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The Lady Mary Memorial Wood

Woodland Trust Email

Below is an email sent from Hannah of the Woodland Trust on 24th May 2019 in regards to the creation of The Lady Mary Memorial Wood.

Great on fencing and volunteers! Ah, I included as best I could a colour coded site plan of where I'm predicting species will do best on page 4. The blue zones were the wettest areas from photographs and from aerial satellite mapping so willow, alder, aspen, bird cherry and downy birch should be focused in the areas that are most wet and covered in rushes. Planting straight into the rushes will be slightly harder work than into grass but has been successful on similar sites in the past. Photograph 3, showing the rushes and established willow is the best representation of these zones.

The grassier, drier zones are marked in green and this is where I'm hoping the oaks, rowans, hazels, thorns, dog rose, crab and field maple would be better suited. Photograph 1 on page 3 best represents these dry, grassy areas. Id be looking to plant between 1-3m apart in species copses. I can include some walkways and open spaces on the site plan but I'm a little nervous about allocating exact spots for trees on the map as when planting you can come across planting difficulties such as waterlogged ground or rocks so a degree of flexibility within the plan is needed. I'd expect to see between 10-20% losses across the site and the WT would be happy to replace these loses in the subsequent 3 planting season.

I would be happy to dedicate a day to come along to a planting event but I'd need a little bit of notice as to which day (Fridays/Saturdays would work best for me). I could demonstrate best planting technique etc and direct volunteers as to which species would grow best where.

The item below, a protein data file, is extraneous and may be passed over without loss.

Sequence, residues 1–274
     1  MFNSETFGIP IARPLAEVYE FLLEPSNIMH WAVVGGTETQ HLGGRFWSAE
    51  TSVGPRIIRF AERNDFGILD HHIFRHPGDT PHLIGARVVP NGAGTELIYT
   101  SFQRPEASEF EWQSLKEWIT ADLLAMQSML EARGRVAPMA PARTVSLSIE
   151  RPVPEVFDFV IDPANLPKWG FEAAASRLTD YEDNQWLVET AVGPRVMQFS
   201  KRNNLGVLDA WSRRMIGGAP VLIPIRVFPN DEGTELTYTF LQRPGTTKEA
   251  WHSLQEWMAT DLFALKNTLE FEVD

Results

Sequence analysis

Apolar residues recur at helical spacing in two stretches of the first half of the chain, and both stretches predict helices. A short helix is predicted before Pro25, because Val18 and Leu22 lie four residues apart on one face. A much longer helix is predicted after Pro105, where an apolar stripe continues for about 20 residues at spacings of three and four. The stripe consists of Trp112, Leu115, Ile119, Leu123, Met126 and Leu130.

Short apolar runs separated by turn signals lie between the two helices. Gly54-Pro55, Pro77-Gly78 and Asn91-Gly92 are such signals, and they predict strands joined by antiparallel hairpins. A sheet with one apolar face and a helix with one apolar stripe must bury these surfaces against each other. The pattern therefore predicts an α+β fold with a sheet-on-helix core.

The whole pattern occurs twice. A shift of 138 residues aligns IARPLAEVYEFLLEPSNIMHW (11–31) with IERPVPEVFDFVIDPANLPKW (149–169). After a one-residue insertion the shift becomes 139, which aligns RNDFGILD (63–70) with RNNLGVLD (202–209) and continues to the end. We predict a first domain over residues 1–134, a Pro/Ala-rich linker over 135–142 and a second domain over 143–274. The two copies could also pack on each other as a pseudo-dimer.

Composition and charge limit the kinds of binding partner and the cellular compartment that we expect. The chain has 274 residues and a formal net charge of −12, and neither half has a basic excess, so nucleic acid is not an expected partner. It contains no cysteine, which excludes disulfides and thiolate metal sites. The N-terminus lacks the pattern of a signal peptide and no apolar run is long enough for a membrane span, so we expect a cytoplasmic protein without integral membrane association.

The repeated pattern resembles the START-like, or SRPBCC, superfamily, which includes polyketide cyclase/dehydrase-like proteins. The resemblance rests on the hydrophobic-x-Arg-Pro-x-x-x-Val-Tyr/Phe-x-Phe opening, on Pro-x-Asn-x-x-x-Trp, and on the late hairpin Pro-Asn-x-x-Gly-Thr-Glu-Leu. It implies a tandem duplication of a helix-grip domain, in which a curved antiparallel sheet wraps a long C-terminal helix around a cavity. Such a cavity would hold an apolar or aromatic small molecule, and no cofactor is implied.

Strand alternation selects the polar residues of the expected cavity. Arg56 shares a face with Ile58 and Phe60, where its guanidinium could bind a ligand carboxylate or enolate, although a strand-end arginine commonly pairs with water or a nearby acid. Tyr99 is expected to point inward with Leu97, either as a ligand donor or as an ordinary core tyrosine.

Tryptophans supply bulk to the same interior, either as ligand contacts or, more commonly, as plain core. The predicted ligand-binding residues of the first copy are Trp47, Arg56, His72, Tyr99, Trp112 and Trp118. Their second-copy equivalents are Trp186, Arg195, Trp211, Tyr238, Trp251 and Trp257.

Volunteers would need to first mark out rides and glades (this can be done before the trees are delivered). I find the best way to do this is using bamboo canes/stakes and string. The rides themselves should be approximately 10m wide. I've included a potential design for this which would incorporate a reasonable amount of open space, which is absolutely vital for woodland habitats.

Once the rides and glades are marked out, I find the best way to tackle tree planting it to have groups of volunteers that work as a conveyor belt almost. One person would have, for example a bag of alders and would plant between 13-21 in an area, ranging from 1-3m apart. A second person would put the stake in approx. 10cm away from the sapling. A third volunteer would then secure the tube over the sapling and tighten the zip ties around the stake. The top of the tube is the end that flares out. The top of the stake should be at least 10cm from the top of the tube to ensure it is as secure as possible and can withstand heavy gusts.

The saplings should stay in the black bags that they are delivered in for as long as possibly to prevent their roots from drying out, so carrying a bag around and pulling individual saplings from them to plant straight into a hole would be best practice.

Planting as randomly as possible is always my preferred way, as straight lines don't look natural and can be quite obvious for a number of years! Planting in particularly dense with hawthorn and blackthorn will provide a wonderful thicket of habitat for birds, mammals and insects alike.

Best Hannah